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Covid-19 Sheds Light on the Flaws of Institutional Care

Published in: Pescanik
A room in the Veternik Institution for children and adults with disabilities where 540 persons, including children with disabilities live. Up to eight people live in one room. © 2015 Emina Ćerimović for Human Rights Watch

At the peak of the Covid-19 infections, on April 30, the Serbian government published data that 574 people living in residential care institutions, including those for people with disabilities, had been infected with the virus. More recent numbers indicate that the number has gone down—119 on May 25.

The Serbian government deserves praise for publishing this daily data. However, the data does not provide clear information about the total number of infections and deaths inside institutions since the start of the pandemic. The numbers published so far leave many questions unanswered, including how many of the 574 people identified as infected on April 30 have died?

Since early April, I’ve been urging the Serbian government to publish clearer, more detailed information. I’ve sent letters and emails and made many calls to the Ministry of Labour, Employment, Veterans’ Affairs and Social Affairs, the Ministry of Health, and the Institute for Public Health.

At time of writing, the only response I have received was from the Ministry of Social Affairs on May 6, saying only: “The information you requested will be published on the website of the [Ministry] immediately after the end of the state of emergency.” Authorities ended the state of emergency the same day, but have yet to publish the requested data. 

An important part of addressing the Covid-19 pandemic is understanding the scale and circumstances of infections and deaths. Collecting this data is necessary to inform government policy, decision-making, and care. Publishing this data helps the wider public understand the impact of the outbreak on social care institutions.

The Covid-19 pandemic has provided further evidence of the many risks that institutional life poses. Evidence from around the world shows that Covid-19 spreads rapidly and people living in close proximity to others in closed settings are at particularly high risk of infection.

Reports on Covid-19 deaths and infections in residential institutions have emerged from Britain, France, Italy, and Russia, just to name a few. People with certain types of disabilities, such as those that affect respiratory capacity, and older people are at higher risk of severe illness and death from Covid-19 infection.

According to the Serbian government, over 23,000 people with disabilities and older people are confined to institutions in Serbia. Some people with disabilities have lived in institutions for their entire lives.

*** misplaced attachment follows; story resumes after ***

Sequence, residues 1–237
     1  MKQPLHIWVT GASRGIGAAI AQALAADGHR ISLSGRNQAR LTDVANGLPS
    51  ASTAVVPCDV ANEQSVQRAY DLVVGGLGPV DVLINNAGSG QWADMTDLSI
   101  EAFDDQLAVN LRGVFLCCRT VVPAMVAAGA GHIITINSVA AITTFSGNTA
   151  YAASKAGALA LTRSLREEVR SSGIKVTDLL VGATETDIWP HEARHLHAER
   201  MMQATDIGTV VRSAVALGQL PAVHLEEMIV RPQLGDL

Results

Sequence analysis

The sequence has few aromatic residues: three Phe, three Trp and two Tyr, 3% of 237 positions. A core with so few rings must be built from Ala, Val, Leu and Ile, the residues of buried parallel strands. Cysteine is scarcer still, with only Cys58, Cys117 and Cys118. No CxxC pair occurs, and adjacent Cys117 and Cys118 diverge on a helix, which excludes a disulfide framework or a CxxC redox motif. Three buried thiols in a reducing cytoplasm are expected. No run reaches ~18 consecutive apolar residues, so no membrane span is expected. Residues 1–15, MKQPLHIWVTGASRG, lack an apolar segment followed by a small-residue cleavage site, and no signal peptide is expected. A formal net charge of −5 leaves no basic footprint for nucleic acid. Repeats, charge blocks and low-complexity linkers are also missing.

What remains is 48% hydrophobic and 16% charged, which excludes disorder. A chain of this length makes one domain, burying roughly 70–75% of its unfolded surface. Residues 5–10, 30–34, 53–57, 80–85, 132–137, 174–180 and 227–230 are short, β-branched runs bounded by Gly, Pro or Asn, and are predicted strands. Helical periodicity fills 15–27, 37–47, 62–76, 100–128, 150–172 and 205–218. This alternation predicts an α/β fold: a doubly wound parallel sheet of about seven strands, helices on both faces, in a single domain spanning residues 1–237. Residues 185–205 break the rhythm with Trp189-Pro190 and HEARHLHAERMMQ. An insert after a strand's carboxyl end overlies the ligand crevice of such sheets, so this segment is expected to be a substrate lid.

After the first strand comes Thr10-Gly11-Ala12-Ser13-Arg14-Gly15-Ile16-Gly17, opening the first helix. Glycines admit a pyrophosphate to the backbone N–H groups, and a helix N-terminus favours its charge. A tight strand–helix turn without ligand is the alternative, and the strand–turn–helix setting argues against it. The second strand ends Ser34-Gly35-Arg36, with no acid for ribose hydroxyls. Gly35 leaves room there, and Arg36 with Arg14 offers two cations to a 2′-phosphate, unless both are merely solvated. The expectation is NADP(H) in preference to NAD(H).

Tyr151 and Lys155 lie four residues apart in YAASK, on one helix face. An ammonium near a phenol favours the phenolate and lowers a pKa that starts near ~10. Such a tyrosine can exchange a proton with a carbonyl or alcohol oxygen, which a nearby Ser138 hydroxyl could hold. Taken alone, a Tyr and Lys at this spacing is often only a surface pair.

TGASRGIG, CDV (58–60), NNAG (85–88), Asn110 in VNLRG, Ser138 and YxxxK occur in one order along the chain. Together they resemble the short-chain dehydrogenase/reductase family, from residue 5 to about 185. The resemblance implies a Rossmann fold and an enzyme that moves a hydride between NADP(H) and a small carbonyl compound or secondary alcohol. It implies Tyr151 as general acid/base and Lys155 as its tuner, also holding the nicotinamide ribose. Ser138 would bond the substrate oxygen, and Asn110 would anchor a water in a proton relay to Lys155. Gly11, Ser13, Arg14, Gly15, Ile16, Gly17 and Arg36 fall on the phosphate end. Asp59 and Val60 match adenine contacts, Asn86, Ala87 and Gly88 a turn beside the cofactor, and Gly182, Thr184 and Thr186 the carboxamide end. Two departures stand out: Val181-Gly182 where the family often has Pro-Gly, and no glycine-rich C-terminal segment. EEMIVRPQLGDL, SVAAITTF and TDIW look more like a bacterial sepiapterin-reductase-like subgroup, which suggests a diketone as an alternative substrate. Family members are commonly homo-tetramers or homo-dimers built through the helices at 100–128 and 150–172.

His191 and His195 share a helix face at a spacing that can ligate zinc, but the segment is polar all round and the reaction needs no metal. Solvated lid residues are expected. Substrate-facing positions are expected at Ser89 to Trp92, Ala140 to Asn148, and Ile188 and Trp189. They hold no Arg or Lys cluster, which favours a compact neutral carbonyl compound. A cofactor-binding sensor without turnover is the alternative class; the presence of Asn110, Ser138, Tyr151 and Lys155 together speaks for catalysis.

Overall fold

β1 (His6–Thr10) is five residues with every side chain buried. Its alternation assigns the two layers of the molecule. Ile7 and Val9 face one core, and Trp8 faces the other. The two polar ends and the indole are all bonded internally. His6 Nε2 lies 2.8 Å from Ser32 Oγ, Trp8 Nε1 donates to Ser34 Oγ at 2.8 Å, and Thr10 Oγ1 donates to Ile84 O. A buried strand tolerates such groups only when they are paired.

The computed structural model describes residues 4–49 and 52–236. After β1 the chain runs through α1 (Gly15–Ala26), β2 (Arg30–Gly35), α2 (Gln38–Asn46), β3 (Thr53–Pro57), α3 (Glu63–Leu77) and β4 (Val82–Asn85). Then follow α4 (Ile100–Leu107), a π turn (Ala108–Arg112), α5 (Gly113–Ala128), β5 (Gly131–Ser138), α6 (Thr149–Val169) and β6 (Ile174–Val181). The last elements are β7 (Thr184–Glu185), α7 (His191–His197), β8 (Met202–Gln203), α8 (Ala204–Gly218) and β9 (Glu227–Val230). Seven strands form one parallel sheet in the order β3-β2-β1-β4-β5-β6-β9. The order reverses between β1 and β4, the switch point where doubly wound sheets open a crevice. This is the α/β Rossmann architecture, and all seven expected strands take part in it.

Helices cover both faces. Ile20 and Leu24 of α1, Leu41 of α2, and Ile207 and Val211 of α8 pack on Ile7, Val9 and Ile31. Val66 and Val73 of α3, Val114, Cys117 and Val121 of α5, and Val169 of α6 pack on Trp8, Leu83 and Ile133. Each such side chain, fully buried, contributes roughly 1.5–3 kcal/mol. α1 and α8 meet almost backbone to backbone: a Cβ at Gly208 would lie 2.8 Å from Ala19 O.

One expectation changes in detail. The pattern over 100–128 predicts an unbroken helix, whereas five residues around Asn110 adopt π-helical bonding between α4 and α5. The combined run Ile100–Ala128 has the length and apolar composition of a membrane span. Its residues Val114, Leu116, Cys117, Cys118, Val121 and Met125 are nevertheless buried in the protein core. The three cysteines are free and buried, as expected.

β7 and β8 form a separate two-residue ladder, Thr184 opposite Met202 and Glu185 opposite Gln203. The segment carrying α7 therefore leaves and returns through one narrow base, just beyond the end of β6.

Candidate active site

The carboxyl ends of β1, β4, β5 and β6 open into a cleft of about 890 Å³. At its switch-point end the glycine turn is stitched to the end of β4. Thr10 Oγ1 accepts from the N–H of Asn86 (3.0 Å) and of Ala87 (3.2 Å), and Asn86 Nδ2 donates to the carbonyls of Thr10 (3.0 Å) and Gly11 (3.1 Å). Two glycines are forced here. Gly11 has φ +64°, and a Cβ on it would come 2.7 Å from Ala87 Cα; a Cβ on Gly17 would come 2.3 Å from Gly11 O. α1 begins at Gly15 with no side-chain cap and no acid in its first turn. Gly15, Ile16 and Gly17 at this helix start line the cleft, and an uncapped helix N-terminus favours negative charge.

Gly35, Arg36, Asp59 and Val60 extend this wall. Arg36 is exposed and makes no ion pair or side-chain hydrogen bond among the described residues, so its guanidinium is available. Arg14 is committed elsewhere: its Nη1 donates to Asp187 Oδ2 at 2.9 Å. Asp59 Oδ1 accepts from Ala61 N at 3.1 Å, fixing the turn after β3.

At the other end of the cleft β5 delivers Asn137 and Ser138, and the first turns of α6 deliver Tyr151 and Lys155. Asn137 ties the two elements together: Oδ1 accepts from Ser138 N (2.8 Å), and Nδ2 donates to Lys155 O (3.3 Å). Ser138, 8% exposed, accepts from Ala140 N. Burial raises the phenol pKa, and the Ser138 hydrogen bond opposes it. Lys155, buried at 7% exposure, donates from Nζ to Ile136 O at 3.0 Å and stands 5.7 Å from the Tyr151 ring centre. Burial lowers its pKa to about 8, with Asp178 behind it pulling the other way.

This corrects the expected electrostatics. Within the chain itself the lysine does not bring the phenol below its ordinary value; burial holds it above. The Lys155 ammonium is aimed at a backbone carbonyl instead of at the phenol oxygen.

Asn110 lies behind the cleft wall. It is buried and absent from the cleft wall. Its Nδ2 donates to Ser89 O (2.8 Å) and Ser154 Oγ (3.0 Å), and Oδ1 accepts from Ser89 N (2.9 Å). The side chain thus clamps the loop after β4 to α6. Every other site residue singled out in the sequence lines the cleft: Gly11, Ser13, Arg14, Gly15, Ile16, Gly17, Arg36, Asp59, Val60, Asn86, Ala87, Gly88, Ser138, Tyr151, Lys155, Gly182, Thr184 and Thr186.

I visited numerous institutions for people with disabilities in Serbia in 2015 and 2017. I saw up to 17 children and adults with disabilities living together in one room, where they spent most of their days and nights. They often had to share their clothes. Some people with disabilities with high support and medical needs were confined to crowded wards that they rarely left, even to get fresh air. These institutions lacked independent and periodic monitoring to ensure that children and adults with disabilities who live in them are protected against abuse and neglect. We published these findings and other serious concerns, including neglect and inappropriate medication, in a 2016 report.   

Following the first reports of Covid-19 infections in Serbia in March, the government publicly announced measures aimed at protecting people living in institutions. The authorities ordered the immediate transfer of infected people to health care facilities. Other measures included isolating people with confirmed cases of Covid-19 inside institutions and temporarily prohibiting visitors and movement.

While restrictions on visitors is a legitimate measure to limit risk of infection, and a measure employed in many countries, it also means that there are fewer eyes to spot the abuse and neglect that I documented. Clear government data on the number of infections and deaths, and information on measures to control infections and prevent deaths, would help shed light on the situation inside institutions when no family members or monitors have the opportunity to see the situation first-hand. Releasing data would also provide more confidence to families and the public that there is nothing to hide.

The release of such information would be a measurable demonstration of Serbia’s commitment to protect the rights of people with disabilities, from the youngest to the oldest. It should also ensure accountability for any failings that may have led to avoidable illnesses and deaths. But it will also help focus attention on the need to ensure that people with disabilities can move from institutions to live independently in the community and to invest in community-based services to empower and support people with disabilities.

We know that it’s possible and some steps can be taken— even in a crisis. For example, in recent months in Moscow, people have opened their homes to people with disabilities living in state institutions to help protect them from Covid-19 infection. The institutions helped people get set up in their new locations and they provide regular support and information to the host families via phone.

Moving people with disabilities out of institutions can be done safely, including during the Covid-19 pandemic. It does, however, take political will.

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